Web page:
Monday, September 28, 2009
Since I’ve been nursing a jones for some Dick Powell movies ever since TCM ran one of my all-time favorites, Murder, My Sweet (1944), last Wednesday, I chose this “Philip Marlowe Goes West” as this week’s Region 2 Cinema entry. As always, there may be a spoiler or two.
A stranger (Powell) rides into a small Western town and immediately makes his presence known by antagonizing some of the patrons of the local saloon, one of which is an Army lieutenant (Steve Brodie) who later meets up with him at a conference with Captain George Iles (Tom Powers), commander at the local Army post. The stranger is actually Lt. John Martin Haven, an undercover Army officer assigned to Iles to investigate the murders of two soldiers who had been assigned to protect a gold shipment (the two men died at the hands of a gang of unknown masked bandits). Haven manages to wangle a job managing the stagecoach line owned and operated by a woman named “Charlie” (Jane Greer), who has a finger in every financial pie in town. Haven convinces Iles’ fiancée, Mrs. Mary Caslon (Agnes Moorehead), to allow him to transport some of the gold from her mine as part of a “sting” operation—but his scheme goes sour when he and “shotgun rider” Jim Goddard (Regis Toomey) are ambushed by the gang and Goddard (in actuality an undercover Wells Fargo agent) is killed. Haven manages to make his way to a sawmill (run by Greer’s character), where he learns that Charlie’s right-hand man Prince (Gordon Oliver) has plans to disguise a group of men as Army soldiers, allowing them to infiltrate Iles’ post and steal the gold that is stashed in the warehouse there. Haven manages to kill the individuals responsible, thus saving the day—but his romantic ardor for the seductive Charlie is dampened when she is felled by a bullet from Prince’s gun, and our hero must ride out of town alone.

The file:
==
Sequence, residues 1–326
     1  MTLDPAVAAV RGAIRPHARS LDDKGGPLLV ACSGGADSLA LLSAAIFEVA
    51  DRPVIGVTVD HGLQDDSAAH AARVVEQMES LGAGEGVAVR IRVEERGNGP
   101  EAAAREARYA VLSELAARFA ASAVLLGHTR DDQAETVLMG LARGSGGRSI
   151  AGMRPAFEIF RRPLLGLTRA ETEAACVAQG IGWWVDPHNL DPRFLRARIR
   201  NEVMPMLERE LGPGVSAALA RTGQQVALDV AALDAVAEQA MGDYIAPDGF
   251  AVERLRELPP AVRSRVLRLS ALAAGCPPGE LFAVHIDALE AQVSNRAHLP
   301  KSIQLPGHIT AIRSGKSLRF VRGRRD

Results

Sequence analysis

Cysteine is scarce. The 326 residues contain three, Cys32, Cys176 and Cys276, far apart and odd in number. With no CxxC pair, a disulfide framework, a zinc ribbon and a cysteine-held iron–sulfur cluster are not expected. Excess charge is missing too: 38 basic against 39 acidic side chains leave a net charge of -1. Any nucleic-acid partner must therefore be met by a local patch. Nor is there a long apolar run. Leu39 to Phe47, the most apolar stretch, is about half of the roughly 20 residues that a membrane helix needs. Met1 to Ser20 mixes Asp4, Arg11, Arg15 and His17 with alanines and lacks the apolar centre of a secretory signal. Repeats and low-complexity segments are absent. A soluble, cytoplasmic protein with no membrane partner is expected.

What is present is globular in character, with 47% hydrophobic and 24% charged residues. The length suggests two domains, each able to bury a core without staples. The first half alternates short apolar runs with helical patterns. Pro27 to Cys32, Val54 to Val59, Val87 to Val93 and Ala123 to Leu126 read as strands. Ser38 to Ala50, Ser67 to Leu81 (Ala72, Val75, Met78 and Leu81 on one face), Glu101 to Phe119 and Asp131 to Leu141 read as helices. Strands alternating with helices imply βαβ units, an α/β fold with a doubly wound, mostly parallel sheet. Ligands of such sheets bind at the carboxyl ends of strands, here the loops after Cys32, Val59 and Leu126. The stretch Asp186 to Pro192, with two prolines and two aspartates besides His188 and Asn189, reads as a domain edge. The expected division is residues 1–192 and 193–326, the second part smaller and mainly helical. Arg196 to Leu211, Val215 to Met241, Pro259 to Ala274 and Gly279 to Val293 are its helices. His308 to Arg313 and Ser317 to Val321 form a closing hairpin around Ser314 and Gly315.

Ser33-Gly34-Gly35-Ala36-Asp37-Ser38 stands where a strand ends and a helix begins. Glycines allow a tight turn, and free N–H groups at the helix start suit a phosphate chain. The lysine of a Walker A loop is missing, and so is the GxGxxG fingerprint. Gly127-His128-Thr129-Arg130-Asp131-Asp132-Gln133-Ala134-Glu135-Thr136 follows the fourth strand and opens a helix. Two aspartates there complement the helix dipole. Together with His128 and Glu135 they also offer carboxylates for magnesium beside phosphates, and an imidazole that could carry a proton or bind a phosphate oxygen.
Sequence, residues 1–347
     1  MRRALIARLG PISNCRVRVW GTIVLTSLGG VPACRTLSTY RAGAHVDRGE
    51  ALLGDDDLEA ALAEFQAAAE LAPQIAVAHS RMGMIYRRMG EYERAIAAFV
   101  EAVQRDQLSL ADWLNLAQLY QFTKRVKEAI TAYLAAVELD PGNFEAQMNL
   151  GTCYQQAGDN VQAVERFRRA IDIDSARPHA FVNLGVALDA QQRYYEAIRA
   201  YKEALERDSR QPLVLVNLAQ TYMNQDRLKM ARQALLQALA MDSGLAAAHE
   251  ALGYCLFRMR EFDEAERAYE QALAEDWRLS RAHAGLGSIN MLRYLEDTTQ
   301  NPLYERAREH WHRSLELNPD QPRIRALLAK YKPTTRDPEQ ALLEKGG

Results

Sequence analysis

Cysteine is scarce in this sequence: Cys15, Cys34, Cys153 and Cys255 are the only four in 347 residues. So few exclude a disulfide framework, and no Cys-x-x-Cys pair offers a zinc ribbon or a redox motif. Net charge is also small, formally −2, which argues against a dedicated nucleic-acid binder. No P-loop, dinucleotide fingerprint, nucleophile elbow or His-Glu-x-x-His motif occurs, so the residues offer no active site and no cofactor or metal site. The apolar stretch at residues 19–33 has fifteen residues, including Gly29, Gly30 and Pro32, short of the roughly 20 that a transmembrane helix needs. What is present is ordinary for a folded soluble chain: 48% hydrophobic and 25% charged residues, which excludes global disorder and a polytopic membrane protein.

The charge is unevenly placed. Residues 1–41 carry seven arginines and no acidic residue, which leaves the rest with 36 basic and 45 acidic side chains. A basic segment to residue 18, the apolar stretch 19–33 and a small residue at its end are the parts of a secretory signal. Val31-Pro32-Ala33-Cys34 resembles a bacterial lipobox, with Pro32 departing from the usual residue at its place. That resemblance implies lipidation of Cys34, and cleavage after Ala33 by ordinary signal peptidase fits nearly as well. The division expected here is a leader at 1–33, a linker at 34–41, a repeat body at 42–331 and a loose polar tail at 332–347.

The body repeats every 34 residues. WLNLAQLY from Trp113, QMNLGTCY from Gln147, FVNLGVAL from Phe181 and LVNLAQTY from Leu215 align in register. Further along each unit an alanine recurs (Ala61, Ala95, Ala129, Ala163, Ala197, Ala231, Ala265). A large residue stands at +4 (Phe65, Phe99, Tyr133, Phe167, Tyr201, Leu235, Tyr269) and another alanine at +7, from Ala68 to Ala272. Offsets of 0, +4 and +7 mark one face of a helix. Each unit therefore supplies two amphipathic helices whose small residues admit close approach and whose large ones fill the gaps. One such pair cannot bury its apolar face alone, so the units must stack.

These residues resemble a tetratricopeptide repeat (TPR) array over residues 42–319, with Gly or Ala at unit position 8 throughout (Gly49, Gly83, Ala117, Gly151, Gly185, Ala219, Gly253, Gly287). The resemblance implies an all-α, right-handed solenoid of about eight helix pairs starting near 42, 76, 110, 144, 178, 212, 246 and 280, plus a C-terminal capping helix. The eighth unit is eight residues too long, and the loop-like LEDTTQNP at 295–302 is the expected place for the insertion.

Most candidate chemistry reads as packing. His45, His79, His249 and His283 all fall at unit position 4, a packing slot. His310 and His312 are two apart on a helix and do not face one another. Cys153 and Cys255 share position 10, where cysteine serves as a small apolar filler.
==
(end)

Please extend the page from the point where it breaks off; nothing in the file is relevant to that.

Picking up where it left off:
Station West (1948) is an example of what might be called “western noir”; an appellation that is also applicable to films like Pursued (1947) and Blood on the Moon (1948)—both of which star Robert Mitchum. A lot of noir elements are present in West: the sultry femme fatale (Greer); the laconic protagonist (Powell) prone to bluffing his way in and out of situations (and always with a wisecrack at the ready); and shifty characters who may or may not be on the side of the law (notably an unscrupulous lawyer named Mark Bristow, played by noir icon Raymond Burr). Written by Frank Fenton and Winston Miller (based on a novel by Luke Short), the film is jam-packed with snappy one-liners and hard-boiled dialogue (having injured his hand in a brawl, Powell tells Greer: “You can take my hand if you don’t squeeze it”); my favorite is this exchange between Powell and Brodie as they square off in the saloon:
STELLMAN: If I weren’t in uniform, I’d teach you a few manners…
HAVEN: If you could teach me anything, you wouldn’t be in uniform…
While West’s plot isn’t anything we haven’t already witnessed before, it’s the dialogue and the performances that compensate; Powell is in his element as the jaded investigator who’s determined to administer justice but can’t help falling for the attractive Greer—and Jane resurrects her black-widow-like Kathie Moffatt demeanor as the worldly and amoral Charlie (a derivative of Charlene). (Station West is always the third film I mention when I’m ticking off a list of Greer’s movies, right after Out of the Past and They Won't Believe Me.) I really like Moorehead in this movie, too—she plays it perfectly straight and avoids the wealthy-old-dame stereotype to which a lesser actress might succumb. It’s also surprising to see Guinn “Big Boy” Williams—a character actor whom I usually associate as the dumb but lovable sidekick—play a real heavy (he’s still short-on-brains-but-big-on-brawn); as one of Greer’s goons he engages in a lively knuckleduster with Powell that is one of the movie’s highlights. Burl Ives also appears in this film (one of his earliest performances) as a desk clerk whose guitar picking and singing act as kind of a Greek chorus to Powell’s comings-and-goings—but while he received mention on the posters promoting the film he gets no acknowledgment in the opening credits.